ACCUSED ADMITS: I KILLED CHEMIST; Jail warning after change of plea.
Byline: Rachel Newton
THE man accused of killing businessman Bill Ney was convicted yesterday after dramatically changing his plea to guilty at the end of his trial.
The case at Chester Crown Court Chester Crown Court is a law court in Chester, England.
It is most famous for staging the Moors Murders trial of Ian Brady and Myra Hindley in 1966. More recent high-profile murderers to have been tried at the court include Howard Hughes and John O'Shaugnessey. was halted when Peter Jones' barrister announced his client had changed his mind and was admitting man-slaughter. Judge Elgan Edwards ruled an alternative charge of mur-der be dropped and instructed the jury to formally return a guilty verdict to manslaughter.
Jones, 31, of Heol y Wal, Bradley, Wrexham, was told he would be jailed.
Judge Edwards told him: ``I do not want you to be under any misapprehension mis·ap·pre·hend
tr.v. mis·ap·pre·hend·ed, mis·ap·pre·hend·ing, mis·ap·pre·hends
To apprehend incorrectly; misunderstand.
mis·ap . There is only one sentence that is appropriate in this matter and that is custody.''
Jones, who is married with a nine-year-old daughter, sat through five days of the eightday trial before deciding to change his plea.
The jury heard how he savagely beat 46-year-old Mr Ney outside Brannigans bar, in Chester city Chester City or City of Chester may mean: Places
Following the unprovoked attack, Mr Ney, a chemist who ran a successful business in New Mills, Derbyshire, never regained consciousness and died in hospital four days later.
A post-mortem examination concluded he had suffered a fractured skull and brain damage. On the day of his death, Mr Ney had spent the day at Chester Races with a group of friends be fore going to Brannigans to watch the England v Ger many match. Afterwards, he left the nightspot and went alone into a nearby alleyway to urinate urinate /uri·nate/ (u´ri-nat) to discharge urine.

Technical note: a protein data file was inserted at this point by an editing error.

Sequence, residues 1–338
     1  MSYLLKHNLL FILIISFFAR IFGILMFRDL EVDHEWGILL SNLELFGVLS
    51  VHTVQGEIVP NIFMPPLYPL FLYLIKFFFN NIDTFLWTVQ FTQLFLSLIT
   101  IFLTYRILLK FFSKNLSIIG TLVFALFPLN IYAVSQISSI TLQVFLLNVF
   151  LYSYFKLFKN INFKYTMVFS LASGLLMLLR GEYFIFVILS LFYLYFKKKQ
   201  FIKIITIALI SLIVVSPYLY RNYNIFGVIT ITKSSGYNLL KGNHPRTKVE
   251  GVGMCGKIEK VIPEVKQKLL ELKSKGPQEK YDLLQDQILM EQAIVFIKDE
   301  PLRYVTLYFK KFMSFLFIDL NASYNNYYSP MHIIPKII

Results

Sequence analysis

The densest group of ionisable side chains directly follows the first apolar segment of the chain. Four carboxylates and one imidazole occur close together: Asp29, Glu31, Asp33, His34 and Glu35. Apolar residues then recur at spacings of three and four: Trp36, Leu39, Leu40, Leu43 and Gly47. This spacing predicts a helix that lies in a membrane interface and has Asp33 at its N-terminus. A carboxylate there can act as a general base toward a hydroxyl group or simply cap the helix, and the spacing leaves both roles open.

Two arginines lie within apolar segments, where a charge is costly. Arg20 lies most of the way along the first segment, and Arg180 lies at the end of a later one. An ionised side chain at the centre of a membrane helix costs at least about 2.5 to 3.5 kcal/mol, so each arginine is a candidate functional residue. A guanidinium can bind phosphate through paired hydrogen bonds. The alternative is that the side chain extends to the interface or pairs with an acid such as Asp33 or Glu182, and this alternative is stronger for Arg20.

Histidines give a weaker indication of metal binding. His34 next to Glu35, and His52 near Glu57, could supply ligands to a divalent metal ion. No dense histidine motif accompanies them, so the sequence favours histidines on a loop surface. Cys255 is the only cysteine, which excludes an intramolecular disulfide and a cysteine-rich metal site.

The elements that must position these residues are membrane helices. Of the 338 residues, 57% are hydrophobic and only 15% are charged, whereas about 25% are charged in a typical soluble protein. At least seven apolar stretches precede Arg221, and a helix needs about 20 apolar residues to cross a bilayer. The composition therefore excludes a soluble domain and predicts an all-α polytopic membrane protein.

To excrete urine.
to void urine. .
It was here that he was approached by a drunken Jones who, without a word, punched Mr Ney in the face, causing him to collapse unconscious and hit his head on the ground.
Jones then hit him re peatedly in the face before being led away, laughing, by his brotherinlaw, Paul Davies. The court heard the pair had been drinking dou ble spirits all day.
Prosecuting, Patrick Har rington told the jury that Jones took out his rage on Mr Ney after being turned away from Brannigans.He described the incident as ``a nasty, unprovoked and ulti mately fatal act of violence on a wholly innocent, de fenceless man''.
Mr Ney was married to Annette and the couple were planning early retire ment to Portugal in the near future. His family were in court yesterday to hear the verdict, and one family member shouted ``No'' when the judge agreed to grant Jones bail until his sentencing hearing.
Sentencing was adjourn adjourn v. the final closing of a meeting, such as a convention, a meeting of the board of directors, or any official gathering. It should not be confused with a recess, meaning the meeting will break and then continue at a later time. (See: recess, session) ed until August 7.
VICTIM:; Bill Ney